David Gilmour? And what is the significance of the Bleriot?
And so darkness fell. However, on looking through the small pamphlet for sale within the church (yes, I paid my £2.00) I discovered that I had missed (not surprisingly, as you will see below), the most important burial in the churchyard, at least as far as this website is concerned:
This is the grave of Lieutenant Colonel Sir John Norton-Griffiths, 1st Baronet KCB DSO. Well-known even before the First World War as a soldier (during the Boer War), entrepreneur, millionaire businessman and MP, ‘Empire Jack’, as he was better known, was, to quote one of his colleagues, “not a man of action, he was action itself.” Without writing a complete biography, suffice to say that it was Norton-Griffiths, a civilian at the time, who persuaded Kitchener in early 1915 that his ‘moles’, as he called the men who worked for one of his companies driving new sewer tunnels beneath London and Manchester, could dig similar tunnels through the Flanders clay, using a north-country technique known as clay-kicking, far quicker than the Royal Engineers were currently able to do. The Germans had exploded ten small mines beneath the Indian Sirhind Brigade near La Bassée just before Christmas 1914, and Kitchener, impressed by Norton-Griffiths pitch, immediately demanded 10,000 clay-kickers. Difficult, considering there were perhaps only a fifth that number in the whole country, but wheels had been set in motion and the rest, as they say, is history. And as if being the mastermind behind the British tunnelling efforts on the Western Front wasn’t enough, Norton-Griffiths was later responsible for the successful destruction, in 1916, of the Ploesti oilfields in Romania, denying the Germans valuable resources for the remainder of the war. If you want to find out more about the war beneath Flanders Fields, there are a number of excellent books on the subject that have been published in recent years, as well as a fine biography of Norton-Griffiths, should your interest have been piqued.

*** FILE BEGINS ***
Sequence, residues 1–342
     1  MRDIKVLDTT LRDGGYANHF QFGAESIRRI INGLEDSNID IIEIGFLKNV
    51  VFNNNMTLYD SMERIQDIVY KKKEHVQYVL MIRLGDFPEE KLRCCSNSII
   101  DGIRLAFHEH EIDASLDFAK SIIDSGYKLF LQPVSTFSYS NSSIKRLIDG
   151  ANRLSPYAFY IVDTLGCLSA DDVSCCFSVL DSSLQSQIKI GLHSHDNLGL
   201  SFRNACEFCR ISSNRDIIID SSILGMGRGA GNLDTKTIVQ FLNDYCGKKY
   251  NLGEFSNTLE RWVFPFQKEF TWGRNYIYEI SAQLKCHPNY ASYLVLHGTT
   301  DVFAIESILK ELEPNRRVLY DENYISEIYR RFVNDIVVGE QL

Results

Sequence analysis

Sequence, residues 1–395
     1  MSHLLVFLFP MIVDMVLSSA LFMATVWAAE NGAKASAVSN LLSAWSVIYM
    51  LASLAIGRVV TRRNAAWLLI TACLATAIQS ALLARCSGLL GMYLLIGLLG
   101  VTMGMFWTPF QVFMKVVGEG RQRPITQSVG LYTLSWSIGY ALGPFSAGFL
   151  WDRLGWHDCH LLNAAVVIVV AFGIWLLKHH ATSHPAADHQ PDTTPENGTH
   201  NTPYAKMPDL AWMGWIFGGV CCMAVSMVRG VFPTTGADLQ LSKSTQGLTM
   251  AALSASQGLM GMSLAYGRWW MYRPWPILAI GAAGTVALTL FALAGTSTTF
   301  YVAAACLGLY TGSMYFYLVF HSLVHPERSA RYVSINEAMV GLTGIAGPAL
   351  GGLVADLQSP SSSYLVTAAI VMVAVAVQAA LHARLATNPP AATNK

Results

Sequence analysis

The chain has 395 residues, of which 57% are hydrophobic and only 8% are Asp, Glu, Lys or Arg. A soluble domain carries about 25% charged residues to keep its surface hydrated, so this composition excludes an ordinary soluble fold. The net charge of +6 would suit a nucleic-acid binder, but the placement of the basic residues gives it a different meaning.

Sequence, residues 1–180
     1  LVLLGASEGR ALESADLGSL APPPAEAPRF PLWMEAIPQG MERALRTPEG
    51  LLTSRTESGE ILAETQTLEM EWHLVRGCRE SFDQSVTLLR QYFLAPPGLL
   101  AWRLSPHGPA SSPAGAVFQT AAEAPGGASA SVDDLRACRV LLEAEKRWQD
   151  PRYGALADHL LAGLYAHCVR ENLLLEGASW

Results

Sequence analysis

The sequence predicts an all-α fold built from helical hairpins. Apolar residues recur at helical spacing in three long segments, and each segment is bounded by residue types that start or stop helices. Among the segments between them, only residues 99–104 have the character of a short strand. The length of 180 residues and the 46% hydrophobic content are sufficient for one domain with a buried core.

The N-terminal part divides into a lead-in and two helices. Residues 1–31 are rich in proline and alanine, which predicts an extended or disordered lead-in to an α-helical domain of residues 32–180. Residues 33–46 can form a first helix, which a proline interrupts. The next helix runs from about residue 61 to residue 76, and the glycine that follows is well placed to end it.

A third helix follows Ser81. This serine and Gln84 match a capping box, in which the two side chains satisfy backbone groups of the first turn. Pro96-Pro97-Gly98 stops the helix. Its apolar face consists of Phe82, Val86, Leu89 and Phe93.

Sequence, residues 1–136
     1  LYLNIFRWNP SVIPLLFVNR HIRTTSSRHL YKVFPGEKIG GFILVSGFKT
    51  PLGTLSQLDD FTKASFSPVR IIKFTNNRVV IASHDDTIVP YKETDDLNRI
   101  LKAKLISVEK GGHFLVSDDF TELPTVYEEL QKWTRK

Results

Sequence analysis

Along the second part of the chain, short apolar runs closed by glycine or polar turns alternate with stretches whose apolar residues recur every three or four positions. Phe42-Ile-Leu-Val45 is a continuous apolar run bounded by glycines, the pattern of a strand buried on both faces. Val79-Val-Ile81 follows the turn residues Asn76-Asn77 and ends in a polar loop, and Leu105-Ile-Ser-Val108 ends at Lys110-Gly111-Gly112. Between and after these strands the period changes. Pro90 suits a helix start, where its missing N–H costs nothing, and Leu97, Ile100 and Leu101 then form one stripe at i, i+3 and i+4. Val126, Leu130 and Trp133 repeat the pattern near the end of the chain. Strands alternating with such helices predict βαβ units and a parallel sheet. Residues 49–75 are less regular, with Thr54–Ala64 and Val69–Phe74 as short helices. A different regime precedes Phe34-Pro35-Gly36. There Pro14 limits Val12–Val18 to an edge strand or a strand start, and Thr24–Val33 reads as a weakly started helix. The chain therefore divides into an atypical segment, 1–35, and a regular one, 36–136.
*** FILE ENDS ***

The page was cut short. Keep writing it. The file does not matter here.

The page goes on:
John Norton-Griffiths died in 1930, aged 59. His body was found one morning floating off the Egyptian coast near Alexandria with a single bullet hole to the head. The official verdict was suicide.